Adobe’s US$20 billion Figma acquisition under threat: Where does that leave Canva?

Innovation

Design juggernaut Adobe’s US$20 billion bid to purchase cloud-based design platform Figma is reportedly under investigation by EU regulators over anti-competition concerns. That could be good news for Australian Adobe-rival, Canva.
Key Facts
  • Figma, which launched in 2012, has challenged Adobe’s grip on the creative design industry – it could be used on the web (no app required), runs natively in the cloud and was more affordable and collaborative.
  • Canva has also historically been seen as a challenger to Adobe thanks to its user-friendly platform and freemium subscription model.
  • The Figma acquisition allows Adobe to stay more relevant and compete for the same kinds of consumers as Canva.
  • The acquisition is now under threat by European antitrust regulators, who are expected to launch a formal investigation into the acquisition later this year over concerns it could lead to an anti-competitive environment.

Authorities in the European Union (EU) are reportedly preparing to launch an investigation into software design giant Adobe’s US$20 billion bid to purchase cloud-based design platform, Figma.

If the acquisition is blocked by regulators, it could be a boon for Australian design unicorn, Canva, which made its name as an easy-to-use alternative to Adobe and has since grown to host more than 100 million monthly users worldwide, and around 5 million paid subscribers.

Background

Last year, Adobe revealed its plans to acquire Figma for US$20 billion, a figure that is around 50 times Figma’s annual recurring revenue. If it succeeds, it will be the sixth-largest software acquisition deal in history.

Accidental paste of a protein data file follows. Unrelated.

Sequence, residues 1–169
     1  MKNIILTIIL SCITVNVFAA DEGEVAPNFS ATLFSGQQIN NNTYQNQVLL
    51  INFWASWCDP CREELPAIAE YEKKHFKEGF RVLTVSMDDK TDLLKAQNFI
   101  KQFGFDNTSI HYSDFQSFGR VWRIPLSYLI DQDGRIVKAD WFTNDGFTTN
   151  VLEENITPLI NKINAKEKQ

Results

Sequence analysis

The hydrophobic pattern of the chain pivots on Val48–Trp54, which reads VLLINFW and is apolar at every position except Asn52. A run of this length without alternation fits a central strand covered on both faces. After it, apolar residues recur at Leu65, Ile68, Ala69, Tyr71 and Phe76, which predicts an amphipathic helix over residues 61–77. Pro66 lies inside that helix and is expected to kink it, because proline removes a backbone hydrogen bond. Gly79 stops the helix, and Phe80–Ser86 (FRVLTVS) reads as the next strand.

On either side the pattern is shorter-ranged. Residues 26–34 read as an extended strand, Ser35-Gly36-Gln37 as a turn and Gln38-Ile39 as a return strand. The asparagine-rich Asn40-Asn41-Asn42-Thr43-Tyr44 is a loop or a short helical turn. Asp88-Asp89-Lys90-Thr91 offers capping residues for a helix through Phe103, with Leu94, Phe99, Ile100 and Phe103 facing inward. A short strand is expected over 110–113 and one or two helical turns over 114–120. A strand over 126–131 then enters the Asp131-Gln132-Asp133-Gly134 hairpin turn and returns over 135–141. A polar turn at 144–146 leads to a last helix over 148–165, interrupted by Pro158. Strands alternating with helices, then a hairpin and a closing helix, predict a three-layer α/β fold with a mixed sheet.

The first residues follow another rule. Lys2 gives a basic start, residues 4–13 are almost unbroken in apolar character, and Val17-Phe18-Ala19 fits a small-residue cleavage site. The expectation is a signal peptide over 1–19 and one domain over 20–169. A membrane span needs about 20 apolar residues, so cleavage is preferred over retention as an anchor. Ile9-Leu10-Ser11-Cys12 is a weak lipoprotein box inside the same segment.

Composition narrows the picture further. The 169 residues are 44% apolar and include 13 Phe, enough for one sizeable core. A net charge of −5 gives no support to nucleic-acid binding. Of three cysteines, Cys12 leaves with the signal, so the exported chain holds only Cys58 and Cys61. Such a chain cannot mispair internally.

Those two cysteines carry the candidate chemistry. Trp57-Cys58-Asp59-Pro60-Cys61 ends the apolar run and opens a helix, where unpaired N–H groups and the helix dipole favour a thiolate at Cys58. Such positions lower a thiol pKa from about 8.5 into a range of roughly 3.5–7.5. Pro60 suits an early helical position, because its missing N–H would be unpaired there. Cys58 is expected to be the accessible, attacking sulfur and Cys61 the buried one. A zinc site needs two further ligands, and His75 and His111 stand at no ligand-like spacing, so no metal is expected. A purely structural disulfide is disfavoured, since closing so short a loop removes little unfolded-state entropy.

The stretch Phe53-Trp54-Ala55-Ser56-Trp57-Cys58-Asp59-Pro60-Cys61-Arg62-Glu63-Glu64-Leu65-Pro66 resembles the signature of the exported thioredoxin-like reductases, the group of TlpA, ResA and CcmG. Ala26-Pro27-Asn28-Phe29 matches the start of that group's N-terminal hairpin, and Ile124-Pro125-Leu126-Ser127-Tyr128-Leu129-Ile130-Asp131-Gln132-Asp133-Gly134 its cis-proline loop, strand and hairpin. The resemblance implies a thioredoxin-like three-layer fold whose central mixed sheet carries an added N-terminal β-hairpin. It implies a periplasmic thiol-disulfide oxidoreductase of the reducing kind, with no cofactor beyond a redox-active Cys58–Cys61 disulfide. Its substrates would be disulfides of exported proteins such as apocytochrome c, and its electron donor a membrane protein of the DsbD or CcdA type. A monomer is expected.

The UK has already launched an initial probe into the deal, while the US is reportedly preparing to file a lawsuit to block the transaction, according to the Financial Times.

Now, it is expected to face regulators in Brussels, with EU regulators confirming Adobe would need to secure antitrust approval, despite the deal’s turnover not meeting the bloc’s threshold.

Looking ahead

The deal poses a major threat to Canva, which was founded by Australian rich-listers Melanie Perkins, Cliff Obrecht and Cameron Adams in 2012. The company’s valuation skyrocketed to a US$40 billion valuation in 2021, but as the overall tech industry began to decline, its valuation is now reported to be around the US$20 billion mark. Still, the company is regarded to be Adobe’s largest competitor.

Adobe’s Figma deal could see Adobe, which is generally used by graphic designers and digital artists, benefit from Figma’s web-first collaborative tools, which are generally used by product designers, marketers and web developers – who are also Canva users.

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